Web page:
"The Dark Horse," as the subtitle indicates, tells the tragic tale of President James A. Garfield, who was the surprise Republican nominee in 1880 and won a razor thin victory that Novemeber. Garfield had not desired the Presidency, and was only beginning to become comfortable in the office when he was felled by an assasssin's bullet four months into his term. He died a slow, agonizing death, and in the process became a martyred hero to the country.
Ackerman argues that Garflied's killing, remembered (if at all) for being perpetrated by a "disappointed office seeker" was a residual effect of the wars going on within the Republican Party between two competing factions: the Stalwarts and the Half Breeds. Though the Stalwarts, led by irascible New York Senator Roscoe Conkling, were not directly complicit in Garfield's murder, their strident rhetoric helped set the political climate that made it possible.
Ackerman tells his story in great detail (the narrative portion of the book runs to well over 400 pages). The is a decent illustrations section and a number of helpful charts for the reader. Overall, this is an excellently well written book that will appeal most strongly to American History and politics buffs.
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28 of 29 people found the following review helpful By Eric Hobart VINE VOICE on August 11, 2003
Format: Hardcover
Dark Horse: The surprise election and Political Murder of President James A. Garfield, by Kenneth D. Ackerman, is an extremely well written book about an era frequently bypassed by today's historians.
The Gilded Age has been largely ignored it seems by historians, but this book is a tremendous addition to the literature available on the political history of the era.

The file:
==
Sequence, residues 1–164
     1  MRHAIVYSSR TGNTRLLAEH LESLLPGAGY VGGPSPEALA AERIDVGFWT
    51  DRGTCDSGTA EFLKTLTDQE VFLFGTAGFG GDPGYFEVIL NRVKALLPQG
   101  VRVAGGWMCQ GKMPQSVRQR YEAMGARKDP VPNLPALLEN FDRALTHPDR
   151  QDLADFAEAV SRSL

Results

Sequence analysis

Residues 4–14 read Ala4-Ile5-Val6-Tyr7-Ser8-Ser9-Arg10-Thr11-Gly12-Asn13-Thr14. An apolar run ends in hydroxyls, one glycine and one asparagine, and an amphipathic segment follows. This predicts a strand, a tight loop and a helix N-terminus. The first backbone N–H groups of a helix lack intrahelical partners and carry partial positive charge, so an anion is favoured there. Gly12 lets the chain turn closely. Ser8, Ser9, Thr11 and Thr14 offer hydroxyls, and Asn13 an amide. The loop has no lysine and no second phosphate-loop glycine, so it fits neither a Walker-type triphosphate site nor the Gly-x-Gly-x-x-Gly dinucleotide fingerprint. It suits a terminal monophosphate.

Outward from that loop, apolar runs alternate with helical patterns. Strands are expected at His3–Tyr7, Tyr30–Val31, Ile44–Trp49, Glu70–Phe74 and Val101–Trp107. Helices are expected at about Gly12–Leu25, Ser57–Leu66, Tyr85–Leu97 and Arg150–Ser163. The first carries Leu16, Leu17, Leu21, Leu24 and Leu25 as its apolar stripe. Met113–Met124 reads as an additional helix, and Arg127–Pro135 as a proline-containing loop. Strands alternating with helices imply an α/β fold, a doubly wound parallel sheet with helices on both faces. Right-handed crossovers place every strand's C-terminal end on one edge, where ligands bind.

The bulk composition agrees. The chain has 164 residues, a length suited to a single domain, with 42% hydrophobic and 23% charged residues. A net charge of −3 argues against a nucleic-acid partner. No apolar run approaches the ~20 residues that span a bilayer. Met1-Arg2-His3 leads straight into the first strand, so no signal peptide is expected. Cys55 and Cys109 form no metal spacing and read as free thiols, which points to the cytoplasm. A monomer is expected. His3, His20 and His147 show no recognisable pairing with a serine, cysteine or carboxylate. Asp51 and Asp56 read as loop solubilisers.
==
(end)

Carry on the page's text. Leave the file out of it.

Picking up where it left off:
Ackerman has provided us with a book that truly chronicles Garfield's rise from semi-obscurity to the Presidency and then his assassination by a deranged man that claimed he was "removing" the President for the good of the Republican party and the country.
Starting with the Republican national convention of 1880, where Garfield was truly the "dark horse" candidate (U.S. Grant, James Blaine, and John Sherman were the leading contenders for the nomination), Ackerman has given us a fantastic political history of what transpired at the convention to earn Garfield the nomination.
He then proceeds to the national campaign against the Democratic nominee (General Winfield Hancock) and Garfield's "front porch" campaign. His description of the national race that ended in Garfield winning the Presidency is unmatched in writing today.
Ackerman intermixes Charles Guiteau into the history in appropriate places, and finally brings Guiteau to the forefront when he shoots Garfield in the railway station as Garfield was preparing for vacation. The subsequent trial and execution of Guiteau are also covered in the book.
I must commend Ackerman for ending with the elevation of Chester Arthur to the Presidency - other books might go into detail on how Arthur's Presidency was similar to and different than Garfield's, but Ackerman holds true to his title and stops with the ascendancy of Chester Arthur.